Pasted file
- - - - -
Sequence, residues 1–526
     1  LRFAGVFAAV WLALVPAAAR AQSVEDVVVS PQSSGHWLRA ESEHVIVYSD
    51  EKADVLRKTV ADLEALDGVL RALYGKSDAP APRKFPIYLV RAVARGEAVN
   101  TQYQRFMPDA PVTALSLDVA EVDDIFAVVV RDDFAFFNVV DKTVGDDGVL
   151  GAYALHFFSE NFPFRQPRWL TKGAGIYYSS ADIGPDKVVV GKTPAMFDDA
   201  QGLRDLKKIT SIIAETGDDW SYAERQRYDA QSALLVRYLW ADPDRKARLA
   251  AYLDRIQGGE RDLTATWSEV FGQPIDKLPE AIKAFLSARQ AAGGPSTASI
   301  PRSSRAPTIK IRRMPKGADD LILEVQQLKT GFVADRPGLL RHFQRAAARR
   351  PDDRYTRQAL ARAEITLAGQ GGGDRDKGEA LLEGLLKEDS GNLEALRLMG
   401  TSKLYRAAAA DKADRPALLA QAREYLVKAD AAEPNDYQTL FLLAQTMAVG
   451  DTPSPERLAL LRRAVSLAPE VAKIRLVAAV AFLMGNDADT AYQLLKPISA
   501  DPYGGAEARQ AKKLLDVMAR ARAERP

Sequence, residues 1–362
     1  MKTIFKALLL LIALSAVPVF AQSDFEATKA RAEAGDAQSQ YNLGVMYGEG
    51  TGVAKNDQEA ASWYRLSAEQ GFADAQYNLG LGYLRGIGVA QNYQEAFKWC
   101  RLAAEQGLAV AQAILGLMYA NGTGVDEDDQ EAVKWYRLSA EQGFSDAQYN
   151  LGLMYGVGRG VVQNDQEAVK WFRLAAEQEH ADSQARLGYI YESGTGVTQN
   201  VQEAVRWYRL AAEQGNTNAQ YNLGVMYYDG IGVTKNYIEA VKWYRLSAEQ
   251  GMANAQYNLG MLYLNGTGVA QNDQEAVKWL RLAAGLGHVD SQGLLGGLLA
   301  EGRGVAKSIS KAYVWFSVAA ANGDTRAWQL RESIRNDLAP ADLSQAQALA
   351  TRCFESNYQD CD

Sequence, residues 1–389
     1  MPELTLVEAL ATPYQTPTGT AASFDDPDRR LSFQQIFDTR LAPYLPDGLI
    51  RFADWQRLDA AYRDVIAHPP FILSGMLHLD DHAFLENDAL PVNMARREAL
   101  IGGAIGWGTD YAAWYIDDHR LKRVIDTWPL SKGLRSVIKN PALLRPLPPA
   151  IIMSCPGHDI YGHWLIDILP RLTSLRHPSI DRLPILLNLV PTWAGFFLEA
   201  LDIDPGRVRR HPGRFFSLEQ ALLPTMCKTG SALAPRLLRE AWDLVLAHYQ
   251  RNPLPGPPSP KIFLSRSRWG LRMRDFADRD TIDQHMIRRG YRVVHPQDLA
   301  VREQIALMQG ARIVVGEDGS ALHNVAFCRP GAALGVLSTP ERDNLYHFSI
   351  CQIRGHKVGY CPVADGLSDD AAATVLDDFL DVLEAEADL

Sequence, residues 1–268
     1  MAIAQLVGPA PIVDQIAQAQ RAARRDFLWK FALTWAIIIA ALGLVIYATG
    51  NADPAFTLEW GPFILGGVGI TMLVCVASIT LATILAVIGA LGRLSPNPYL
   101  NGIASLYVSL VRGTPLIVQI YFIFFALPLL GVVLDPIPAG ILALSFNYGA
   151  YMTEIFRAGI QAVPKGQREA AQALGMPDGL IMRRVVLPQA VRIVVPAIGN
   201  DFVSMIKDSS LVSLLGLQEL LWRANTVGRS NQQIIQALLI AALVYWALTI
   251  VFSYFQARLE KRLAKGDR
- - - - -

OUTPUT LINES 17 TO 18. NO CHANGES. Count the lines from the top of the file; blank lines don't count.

   151  LGLMYGVGRG VVQNDQEAVK WFRLAAEQEH ADSQARLGYI YESGTGVTQN
   201  VQEAVRWYRL AAEQGNTNAQ YNLGVMYYDG IGVTKNYIEA VKWYRLSAEQ